On Hugo Chavez… John Kerry: “Throughout his time in office, President Chavez has repeatedly undermined democratic institutions by using extra-legal means, including politically motivated incarcerations, to consolidate power.” New York Times: “A Polarizing Figure Who Led a Movement” “strutting like the strongman in a caudillo novel” Human Rights Watch: “Venezuela: Hugo Chávez’s Authoritarian Legacy” On King Abdullah… John Kerry: “King Abdullah was a man of wisdom & vision.” New York Times: “Nudged Saudi Arabia Forward” “earned a reputation as a cautious reformer” “a force of moderation” Human Rights Watch: “Saudi Arabia: King’s Reform Agenda Unfulfilled”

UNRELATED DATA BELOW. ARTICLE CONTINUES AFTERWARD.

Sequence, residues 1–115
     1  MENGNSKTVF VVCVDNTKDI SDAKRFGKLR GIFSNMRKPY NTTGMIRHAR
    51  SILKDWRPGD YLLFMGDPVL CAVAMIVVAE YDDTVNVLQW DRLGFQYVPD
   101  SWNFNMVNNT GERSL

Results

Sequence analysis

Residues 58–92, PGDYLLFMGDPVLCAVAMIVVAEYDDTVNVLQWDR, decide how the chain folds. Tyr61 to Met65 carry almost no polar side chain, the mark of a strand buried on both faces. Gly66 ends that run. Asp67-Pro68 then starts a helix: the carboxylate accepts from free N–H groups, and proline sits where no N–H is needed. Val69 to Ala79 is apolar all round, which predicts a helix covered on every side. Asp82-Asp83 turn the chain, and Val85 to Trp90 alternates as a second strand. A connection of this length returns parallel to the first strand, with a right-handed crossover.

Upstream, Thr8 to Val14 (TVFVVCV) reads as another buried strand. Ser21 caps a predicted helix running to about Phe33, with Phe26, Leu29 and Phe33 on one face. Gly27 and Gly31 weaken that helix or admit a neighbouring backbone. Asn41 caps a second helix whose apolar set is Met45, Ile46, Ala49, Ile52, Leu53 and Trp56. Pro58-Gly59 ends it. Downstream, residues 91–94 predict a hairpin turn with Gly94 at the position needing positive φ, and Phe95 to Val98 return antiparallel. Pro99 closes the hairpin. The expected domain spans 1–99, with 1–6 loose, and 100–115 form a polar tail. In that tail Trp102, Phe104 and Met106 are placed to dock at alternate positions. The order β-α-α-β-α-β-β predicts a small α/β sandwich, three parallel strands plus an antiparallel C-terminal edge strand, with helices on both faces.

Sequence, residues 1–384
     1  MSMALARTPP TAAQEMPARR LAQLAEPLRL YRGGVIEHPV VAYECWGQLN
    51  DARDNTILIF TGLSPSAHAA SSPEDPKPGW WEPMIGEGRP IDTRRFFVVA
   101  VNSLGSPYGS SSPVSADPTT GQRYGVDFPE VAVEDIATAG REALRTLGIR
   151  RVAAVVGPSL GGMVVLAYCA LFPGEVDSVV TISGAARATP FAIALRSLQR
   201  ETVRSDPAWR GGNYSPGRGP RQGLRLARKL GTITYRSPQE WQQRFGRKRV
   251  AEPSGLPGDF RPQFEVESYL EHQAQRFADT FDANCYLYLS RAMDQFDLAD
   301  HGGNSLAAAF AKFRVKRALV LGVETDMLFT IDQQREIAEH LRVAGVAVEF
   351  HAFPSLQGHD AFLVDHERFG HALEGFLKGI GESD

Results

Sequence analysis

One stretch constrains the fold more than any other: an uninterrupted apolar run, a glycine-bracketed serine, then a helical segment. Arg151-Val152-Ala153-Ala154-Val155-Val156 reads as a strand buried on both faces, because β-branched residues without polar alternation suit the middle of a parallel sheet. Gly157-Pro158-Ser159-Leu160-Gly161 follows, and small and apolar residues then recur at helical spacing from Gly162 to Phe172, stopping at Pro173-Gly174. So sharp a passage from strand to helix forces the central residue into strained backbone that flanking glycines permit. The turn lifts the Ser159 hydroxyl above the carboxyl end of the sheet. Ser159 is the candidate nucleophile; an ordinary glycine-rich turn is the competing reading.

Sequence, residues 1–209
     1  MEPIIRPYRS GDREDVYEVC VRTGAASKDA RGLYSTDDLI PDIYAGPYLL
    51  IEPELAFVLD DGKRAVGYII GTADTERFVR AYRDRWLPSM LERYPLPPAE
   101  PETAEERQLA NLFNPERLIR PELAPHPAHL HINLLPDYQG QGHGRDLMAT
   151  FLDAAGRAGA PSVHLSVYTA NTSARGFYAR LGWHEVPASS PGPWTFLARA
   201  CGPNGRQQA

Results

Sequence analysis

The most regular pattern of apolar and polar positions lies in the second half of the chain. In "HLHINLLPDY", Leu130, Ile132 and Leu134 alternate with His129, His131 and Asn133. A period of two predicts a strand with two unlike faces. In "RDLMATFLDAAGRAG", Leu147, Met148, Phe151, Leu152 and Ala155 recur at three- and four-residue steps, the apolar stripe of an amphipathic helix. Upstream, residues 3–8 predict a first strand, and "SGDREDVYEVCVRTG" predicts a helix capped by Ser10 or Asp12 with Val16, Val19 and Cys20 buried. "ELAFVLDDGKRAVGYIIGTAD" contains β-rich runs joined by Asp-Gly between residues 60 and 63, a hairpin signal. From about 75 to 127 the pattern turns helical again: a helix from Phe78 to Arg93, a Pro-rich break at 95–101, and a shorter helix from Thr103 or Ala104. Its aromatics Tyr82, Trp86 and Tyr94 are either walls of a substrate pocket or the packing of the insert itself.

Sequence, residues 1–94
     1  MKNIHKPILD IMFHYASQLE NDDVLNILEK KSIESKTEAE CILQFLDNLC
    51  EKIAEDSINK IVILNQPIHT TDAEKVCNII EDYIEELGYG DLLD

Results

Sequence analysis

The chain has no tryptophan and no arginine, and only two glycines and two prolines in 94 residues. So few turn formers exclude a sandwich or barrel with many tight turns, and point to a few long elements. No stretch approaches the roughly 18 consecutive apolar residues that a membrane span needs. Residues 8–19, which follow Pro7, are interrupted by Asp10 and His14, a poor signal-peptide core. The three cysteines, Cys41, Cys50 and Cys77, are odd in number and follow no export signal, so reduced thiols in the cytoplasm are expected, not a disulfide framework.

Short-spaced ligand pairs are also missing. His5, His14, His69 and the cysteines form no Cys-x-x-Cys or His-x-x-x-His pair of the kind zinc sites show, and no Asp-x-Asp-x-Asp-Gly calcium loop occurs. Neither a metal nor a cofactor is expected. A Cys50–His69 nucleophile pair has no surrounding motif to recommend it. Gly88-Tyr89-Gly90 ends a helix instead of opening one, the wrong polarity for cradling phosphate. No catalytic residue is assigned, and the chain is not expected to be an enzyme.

On Public Intellectuals

I’m ambivalent, as I’ve said before, about the category “public intellectual.” It’s precious and pretentious, and unfairly denigrates the virtues and vocation of talented scholars who devote themselves to obscure questions no one else is asking, questions that may not interest broader audiences at the time but that may, one day, be of vital importance to more than a narrow few. Or that may, regardless of people’s interest, simply advance our understanding of some small part of the universe. But if we are going to hold onto and repeatedly invoke the category, I wonder if there may not be a fundamental problem at the heart of it. Public intellectuals are thought of as not only generalist writers speaking to non-academic audiences about issues that matters, […]

NYPD Goes Full Mario Savio